Kirkman was then asked why he always wrote scientists as evil and weasely, since the fan’s girlfriend was a scientist. “The reason all scientists are portrayed as being weasely, evil and somewhat sinister is because all scientists are weasely, evil and somewhat sinister, including your girlfriend!”

A fan wanted to know what scares Kirkman, who admitted to being frightened by ghosts and birds. He told a story of how a bird landed on his arm when he visited the zoo with his 4-year old son. Kirkman screamed and ran out of the bird area, waiting for 10 minutes for his son to come out. “I haven’t been able to look my son in the eye since.”

Finishing off the panel, someone asked which comic book character Kirkman would love to write. “There was a time when I would have liked to gotten ahold of Spider-Man, but that kind of stuff just doesn’t interest me anymore. It’s not cool that all of the most talented people in comics just want to write Batman and Superman and Spider-Man and Wolverine. I wish all those people would just create their own comics.”-by Karl Keily

Official Press Release

No one can ever claim Jonathan Hickman is lazy. Not content with helming head-turning runs on Fantastic Four, Secret Warriors and S.H.I.E.L.D., not to mention re-imagining the FF for his most recent hit, The Future Foundation, Hickman returns to Image this summer with an all-new creator-owned miniseries, THE RED WING.

“We’re all pretty excited for this one,” Hickman explained. “We believe we not only have a solid concept for an engaging new series, but even at this early stage, THE RED WING has that lightning in a bottle feel to it. I think people are really going to like it.”

Written by Hickman, with art by amazing newcomer Nick Pitarra and colors by Rachelle Rosenberg, THE RED WING marks Hickman’s first creator owned work since the conclusion of the critically acclaimed A RED MASS FOR MARS.

“Nick is going to really surprise some people,” Hickman said. “When the art for this starts hitting the web, and then when the finished product shows up in stores, many of them are going to wonder where this guy has been hiding. Nick’s a very hungry, special, special talent. I consider myself fortunate to be working with him.”

Set in a future where the best fighter pilots in the world not only have to master their craft and perfect their skills, the heroes of THE RED WING also have to learn how to navigate through time. Described by Hickman as “the greatest battle in the history of the history of three worlds,” the four-issue miniseries is but the first concept to be mined by Hickman & Pitarra as part of Hickman’s ongoing “PLUS!” project.

“Well, I’ve been promising I’d get to this for over a year, so now it’s time,” Hickman said. “We’ll start with THE RED WING, and then I’ll be writing and drawing something called, FEEL BETTER NOW, before Nick and I move on to our next exciting project. We have a busy, aggressive slate of exciting stories to tell, and, like I said before, it’s time.”

“It’s a real privilege to be working with Jonathan and the incredible team he’s assembled for THE RED WING,” added Image Comics Publisher Eric Stephenson. “Since his comics debut with THE NIGHTLY NEWS, Jonathan has been one of the most unique and visionary voices in contemporary comics, and after hearing what he has planned for THE RED WING and the rest of the PLUS! series, I can guarantee you he’s not planning to rest on his laurels anytime soon!”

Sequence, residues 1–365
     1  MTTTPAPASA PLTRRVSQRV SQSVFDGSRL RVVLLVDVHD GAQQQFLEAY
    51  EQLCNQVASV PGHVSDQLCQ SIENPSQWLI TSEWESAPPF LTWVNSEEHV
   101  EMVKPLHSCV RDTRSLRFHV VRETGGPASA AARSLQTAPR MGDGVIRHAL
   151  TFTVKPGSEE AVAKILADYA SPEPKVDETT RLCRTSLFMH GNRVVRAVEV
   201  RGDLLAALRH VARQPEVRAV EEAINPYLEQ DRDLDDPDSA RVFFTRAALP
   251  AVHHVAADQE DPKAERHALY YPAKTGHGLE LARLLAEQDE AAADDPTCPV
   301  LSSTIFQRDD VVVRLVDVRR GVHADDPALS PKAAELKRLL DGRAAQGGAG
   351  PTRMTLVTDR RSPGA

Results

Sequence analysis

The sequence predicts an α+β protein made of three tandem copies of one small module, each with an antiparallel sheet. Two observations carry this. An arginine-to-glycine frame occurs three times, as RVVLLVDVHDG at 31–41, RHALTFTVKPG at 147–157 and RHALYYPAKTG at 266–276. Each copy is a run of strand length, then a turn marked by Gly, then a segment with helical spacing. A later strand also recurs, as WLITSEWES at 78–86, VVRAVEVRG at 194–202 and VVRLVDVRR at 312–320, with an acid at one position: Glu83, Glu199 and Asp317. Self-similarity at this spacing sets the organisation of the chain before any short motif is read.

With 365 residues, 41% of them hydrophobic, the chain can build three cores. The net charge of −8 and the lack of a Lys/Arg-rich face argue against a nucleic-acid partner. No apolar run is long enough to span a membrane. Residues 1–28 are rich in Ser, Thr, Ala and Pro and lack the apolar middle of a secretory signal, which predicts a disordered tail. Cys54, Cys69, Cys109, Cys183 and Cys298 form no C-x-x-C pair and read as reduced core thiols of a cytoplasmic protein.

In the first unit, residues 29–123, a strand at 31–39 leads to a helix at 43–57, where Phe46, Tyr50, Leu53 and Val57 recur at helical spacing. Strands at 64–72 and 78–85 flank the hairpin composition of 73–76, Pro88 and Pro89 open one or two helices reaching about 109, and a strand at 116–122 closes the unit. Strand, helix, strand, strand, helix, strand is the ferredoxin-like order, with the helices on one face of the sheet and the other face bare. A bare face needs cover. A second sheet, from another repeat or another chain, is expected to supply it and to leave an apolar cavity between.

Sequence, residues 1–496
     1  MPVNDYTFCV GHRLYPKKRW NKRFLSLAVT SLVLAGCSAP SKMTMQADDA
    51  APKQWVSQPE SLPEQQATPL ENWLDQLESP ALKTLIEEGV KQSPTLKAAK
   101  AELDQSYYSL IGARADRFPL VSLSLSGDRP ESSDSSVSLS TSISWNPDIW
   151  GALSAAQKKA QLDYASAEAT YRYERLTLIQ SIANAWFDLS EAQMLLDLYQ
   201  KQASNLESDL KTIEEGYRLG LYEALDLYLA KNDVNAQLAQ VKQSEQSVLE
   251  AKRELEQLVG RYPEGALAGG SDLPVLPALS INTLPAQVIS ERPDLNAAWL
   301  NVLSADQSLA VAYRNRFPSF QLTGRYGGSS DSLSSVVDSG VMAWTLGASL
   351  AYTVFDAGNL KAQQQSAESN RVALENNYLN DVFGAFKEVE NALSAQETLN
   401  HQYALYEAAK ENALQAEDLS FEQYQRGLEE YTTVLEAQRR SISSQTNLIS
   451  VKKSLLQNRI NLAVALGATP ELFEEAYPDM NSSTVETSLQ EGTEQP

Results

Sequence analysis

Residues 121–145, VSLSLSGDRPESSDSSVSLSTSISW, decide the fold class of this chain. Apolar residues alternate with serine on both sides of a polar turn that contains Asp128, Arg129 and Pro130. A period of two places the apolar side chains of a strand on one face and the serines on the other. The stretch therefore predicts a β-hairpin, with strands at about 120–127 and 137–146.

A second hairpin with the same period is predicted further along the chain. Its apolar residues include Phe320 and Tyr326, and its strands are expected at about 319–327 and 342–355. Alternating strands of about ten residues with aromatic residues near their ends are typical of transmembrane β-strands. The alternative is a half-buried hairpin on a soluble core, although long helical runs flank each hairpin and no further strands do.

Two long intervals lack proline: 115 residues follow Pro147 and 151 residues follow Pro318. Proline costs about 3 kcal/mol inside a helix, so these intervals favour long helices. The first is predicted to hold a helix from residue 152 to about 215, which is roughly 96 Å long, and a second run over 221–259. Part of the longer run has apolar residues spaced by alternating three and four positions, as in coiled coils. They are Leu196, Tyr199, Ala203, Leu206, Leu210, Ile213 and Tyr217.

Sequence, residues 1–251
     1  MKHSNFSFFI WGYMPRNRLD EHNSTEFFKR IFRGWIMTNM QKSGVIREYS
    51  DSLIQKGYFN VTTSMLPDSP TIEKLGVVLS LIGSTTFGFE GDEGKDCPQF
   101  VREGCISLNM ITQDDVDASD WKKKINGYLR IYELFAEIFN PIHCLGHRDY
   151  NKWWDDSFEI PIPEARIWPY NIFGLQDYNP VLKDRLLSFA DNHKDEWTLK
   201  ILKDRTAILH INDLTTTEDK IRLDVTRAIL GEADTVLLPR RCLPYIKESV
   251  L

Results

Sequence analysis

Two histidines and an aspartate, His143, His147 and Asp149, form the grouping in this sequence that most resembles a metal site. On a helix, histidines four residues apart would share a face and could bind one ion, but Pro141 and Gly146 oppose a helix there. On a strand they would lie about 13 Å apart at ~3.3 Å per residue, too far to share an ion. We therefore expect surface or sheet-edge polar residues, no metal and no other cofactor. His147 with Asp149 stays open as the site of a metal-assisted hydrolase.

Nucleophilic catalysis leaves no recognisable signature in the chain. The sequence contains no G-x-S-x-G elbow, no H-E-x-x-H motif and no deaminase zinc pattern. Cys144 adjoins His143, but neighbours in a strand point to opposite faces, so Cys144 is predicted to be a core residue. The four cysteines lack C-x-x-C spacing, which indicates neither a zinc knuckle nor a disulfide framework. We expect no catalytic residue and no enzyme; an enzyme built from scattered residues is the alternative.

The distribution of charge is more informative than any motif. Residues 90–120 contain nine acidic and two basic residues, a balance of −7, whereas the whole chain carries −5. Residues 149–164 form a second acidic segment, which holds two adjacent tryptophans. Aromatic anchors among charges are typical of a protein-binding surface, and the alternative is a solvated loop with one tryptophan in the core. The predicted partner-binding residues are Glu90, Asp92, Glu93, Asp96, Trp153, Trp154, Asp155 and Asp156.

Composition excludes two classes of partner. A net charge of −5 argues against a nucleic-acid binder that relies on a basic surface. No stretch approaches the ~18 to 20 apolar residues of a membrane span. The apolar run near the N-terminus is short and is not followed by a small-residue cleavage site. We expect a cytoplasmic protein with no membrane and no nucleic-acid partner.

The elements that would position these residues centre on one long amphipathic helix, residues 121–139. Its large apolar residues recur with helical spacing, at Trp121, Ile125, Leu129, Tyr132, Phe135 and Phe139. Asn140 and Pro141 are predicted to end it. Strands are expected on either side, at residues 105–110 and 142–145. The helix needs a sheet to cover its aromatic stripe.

THE RED WING #1 (of 4), a 32-page full color comic with a cover price of $3.50, will be available for order now in the May issue of Previews and will go on sale July 6.

Image Comics is a comic book and graphic novel publisher founded in 1992 by a collective of best-selling artists. Image has since gone on to become one of the largest comics publishers in the United States. Image currently has five partners: Robert Kirkman, Erik Larsen, Todd McFarlane, Marc Silvestri and Jim Valentino. It consists of five major houses: Todd McFarlane Productions, Top Cow Productions, Shadowline, Skybound and Image Central. Image publishes comics and graphic novels in nearly every genre, sub-genre, and style imaginable. It offers science fiction, romance, horror, crime fiction, historical fiction, humor and more by the finest artists and writers working in the medium today. For more information, visit

In this episode we are joined by Nate Simpson artist and writer of the upcoming Image book Nonplayer. We talk to him about how he got involved in comics,his influences and how he creates such beautiful work. To see a preview of Nonplayer go to his page
The intro music is The Wall By Yuck and the outro song suicide policeman is also by Yuck

Robert Kirkman is re-teaming with Rob Liefeld, the artist he once described as “the modern-day equivalent of Jack Kirby,” for a science fiction adventure called The Infinite.

USA Today reports the series, which debuts in August from Kirkman’s Image imprint Skybound, centers on a soldier who travels back in time to recruit his 19-year-old self, and others, to help defeat a future world-conquering villain called The Infinite. “It’s a buddy movie with yourself,” Liefeld says.

The two previously worked together on Image United, and had planned to collaborate on a Killraven miniseries for Marvel (however, that project never materialized).

“We both like tech gear, James Cameron, Star Trek and Star Wars,” Liefeld tells the newspaper, “so it’s a big sci-fi fantasy epic, but it’s got a lot of heart.”